Under the MoU, the two institutions have agree to mutually promote the following programmes, based on their respective academic and educational needs; i) Exchange of scholars and faculty staff, ii) Exchange of undergraduate and graduate students for research and study, iii) Exchange of academic information and materials, iv) Joint research activities and publications, v) Participation in conferences and academic meetings vi) Joint running of short-term academic programs, vii) Resource mobilization in respect of areas of mutual interest, and any other areas which may promote their mutual interests.

The delegation from CAES and Oregon State University brief the VC about the MoU. Makerere University and Oregon State University MoU Signing to collaborate on i) Exchange of scholars and faculty staff, ii) Exchange of undergraduate and graduate students for research and study, iii) Exchange of academic information and materials, iv) Joint research activities and publications, v) Participation in conferences and academic meetings vi) Joint running of short-term academic programs, vii) Resource mobilization, 19th July 2024, Frank Kalimuzo Central Teaching Facility, Kampala Uganda, East Africa.
The delegation from CAES and Oregon State University brief the VC about the MoU.

During the ceremony, the Vice Chancellor noted that programmes agreed on in the MoU were in line with the University’s Strategic Plan, and would greatly advance Makerere’s aspiration to become a research-led University. “As we move towards becoming a research-led University, we aim to contribute to the realization of Agenda 2063 which seeks to have Africa produce at least one million PhDs as one of the measures to eradicate poverty from the continent. Partnerships like this will help us achieve our target, by building our supervision capacity,” he explained, pledging support towards the implementation of the MoU.

The VC shares insights on the collaboration. Makerere University and Oregon State University MoU Signing to collaborate on i) Exchange of scholars and faculty staff, ii) Exchange of undergraduate and graduate students for research and study, iii) Exchange of academic information and materials, iv) Joint research activities and publications, v) Participation in conferences and academic meetings vi) Joint running of short-term academic programs, vii) Resource mobilization, 19th July 2024, Frank Kalimuzo Central Teaching Facility, Kampala Uganda, East Africa.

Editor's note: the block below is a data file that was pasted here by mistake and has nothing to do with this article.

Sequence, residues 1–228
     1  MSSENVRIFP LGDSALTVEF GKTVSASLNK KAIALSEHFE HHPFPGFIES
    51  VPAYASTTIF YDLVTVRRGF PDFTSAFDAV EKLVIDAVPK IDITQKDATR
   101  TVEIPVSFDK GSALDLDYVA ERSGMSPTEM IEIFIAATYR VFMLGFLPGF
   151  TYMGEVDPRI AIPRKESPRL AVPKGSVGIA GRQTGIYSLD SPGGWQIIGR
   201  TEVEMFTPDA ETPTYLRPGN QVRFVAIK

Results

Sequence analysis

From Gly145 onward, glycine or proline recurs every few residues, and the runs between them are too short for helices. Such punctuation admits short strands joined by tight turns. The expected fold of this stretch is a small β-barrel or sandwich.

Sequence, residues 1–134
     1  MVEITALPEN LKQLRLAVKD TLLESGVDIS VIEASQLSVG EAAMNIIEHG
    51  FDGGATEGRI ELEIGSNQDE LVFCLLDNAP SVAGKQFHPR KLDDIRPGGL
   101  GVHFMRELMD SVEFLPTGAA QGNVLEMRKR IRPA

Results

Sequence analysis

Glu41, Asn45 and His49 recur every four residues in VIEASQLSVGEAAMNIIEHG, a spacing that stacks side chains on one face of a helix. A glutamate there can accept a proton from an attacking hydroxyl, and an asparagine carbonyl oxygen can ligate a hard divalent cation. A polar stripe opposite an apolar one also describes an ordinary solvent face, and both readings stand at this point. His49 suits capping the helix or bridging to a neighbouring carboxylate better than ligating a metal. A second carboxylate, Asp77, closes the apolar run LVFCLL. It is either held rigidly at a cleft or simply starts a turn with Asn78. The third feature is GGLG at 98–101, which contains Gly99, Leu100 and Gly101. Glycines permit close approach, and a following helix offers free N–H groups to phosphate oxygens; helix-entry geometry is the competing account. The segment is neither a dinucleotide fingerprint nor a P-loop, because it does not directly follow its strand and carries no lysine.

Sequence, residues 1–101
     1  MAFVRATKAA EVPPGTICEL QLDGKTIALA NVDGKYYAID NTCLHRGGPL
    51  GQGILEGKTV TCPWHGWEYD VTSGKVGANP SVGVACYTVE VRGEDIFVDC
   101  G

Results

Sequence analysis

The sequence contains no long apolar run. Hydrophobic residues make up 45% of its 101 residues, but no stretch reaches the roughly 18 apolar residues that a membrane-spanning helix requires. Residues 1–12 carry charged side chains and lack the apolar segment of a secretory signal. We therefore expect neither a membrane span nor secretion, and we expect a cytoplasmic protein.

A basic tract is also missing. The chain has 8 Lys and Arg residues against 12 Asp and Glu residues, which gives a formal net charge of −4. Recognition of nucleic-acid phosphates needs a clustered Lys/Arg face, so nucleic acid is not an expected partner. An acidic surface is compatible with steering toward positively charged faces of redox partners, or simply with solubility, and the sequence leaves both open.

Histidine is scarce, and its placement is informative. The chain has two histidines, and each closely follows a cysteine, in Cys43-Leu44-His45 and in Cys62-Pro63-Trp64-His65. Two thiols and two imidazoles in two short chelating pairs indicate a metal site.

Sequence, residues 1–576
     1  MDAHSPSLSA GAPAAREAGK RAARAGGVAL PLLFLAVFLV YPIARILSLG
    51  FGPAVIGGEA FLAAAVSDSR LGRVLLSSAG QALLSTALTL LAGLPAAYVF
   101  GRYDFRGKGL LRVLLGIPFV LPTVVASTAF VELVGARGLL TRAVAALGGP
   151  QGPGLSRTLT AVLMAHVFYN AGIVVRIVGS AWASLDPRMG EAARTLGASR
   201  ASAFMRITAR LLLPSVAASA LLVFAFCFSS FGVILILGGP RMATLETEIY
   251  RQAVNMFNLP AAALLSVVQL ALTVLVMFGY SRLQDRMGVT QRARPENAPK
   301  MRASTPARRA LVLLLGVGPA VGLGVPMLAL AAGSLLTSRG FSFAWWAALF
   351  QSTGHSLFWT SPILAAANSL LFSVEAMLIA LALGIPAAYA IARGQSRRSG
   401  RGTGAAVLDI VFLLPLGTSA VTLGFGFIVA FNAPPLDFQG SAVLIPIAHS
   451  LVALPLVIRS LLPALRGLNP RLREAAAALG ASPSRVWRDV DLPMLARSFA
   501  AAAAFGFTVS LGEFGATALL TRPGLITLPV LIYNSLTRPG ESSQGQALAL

The VC shares insights on the collaboration.

Dr Ian Munanura on behalf of Oregon State University expressed gratitude to work with Makerere, noting that the partnership would strengthen research capacity of the two institutions and support the mentorship of the next generation of scientists to deal with the challenges facing humanity including climate change and unemployment.

The VC presents sovernirs to Ms. Racheal Fahrenbach. Makerere University and Oregon State University MoU Signing to collaborate on i) Exchange of scholars and faculty staff, ii) Exchange of undergraduate and graduate students for research and study, iii) Exchange of academic information and materials, iv) Joint research activities and publications, v) Participation in conferences and academic meetings vi) Joint running of short-term academic programs, vii) Resource mobilization, 19th July 2024, Frank Kalimuzo Central Teaching Facility, Kampala Uganda, East Africa.
The VC presents sovernirs to Ms. Racheal Fahrenbach.

About the Department of Forestry, Biodiversity and Tourism at Makerere

The Department of Forestry, Biodiversity, and Tourism under the School of Forestry, Environmental, and Geographical Sciences at the College of Agricultural and Environmental Sciences, Makerere University offers programmes namely; Bachelor of Science in Conservation Forestry and Products Technology; Bachelor of Social and Entrepreneurial Forestry; and Master of Science in Agroforestry. Specific courses offered under those programmes include; Agroforestry Systems, Practices And Technologies;  Drylands Agroforestry; Advanced Community Forestry; Gender Issues In Forestry; Advanced Biodiversity Conservation; Ecophysiology and Agronomy; Forestry For Rural Development; Natural Resource Management; Tropical Forest Ecology And Management; Forestry Business Management; Entrepreneurship In Forestry; Forestry And Food Security; Indigenous Knowledge in Resource Management; Biomass Energy Production and Conservation; Land Use Planning and Watershed Management; Forest Planning and Development; Forest Ecosystems and Livelihoods; and Forest Planning and Development. The Department also conducts a wide range of research in the fields highlighted above. The training offered exposes graduates from the department to a wide range of employment opportunities.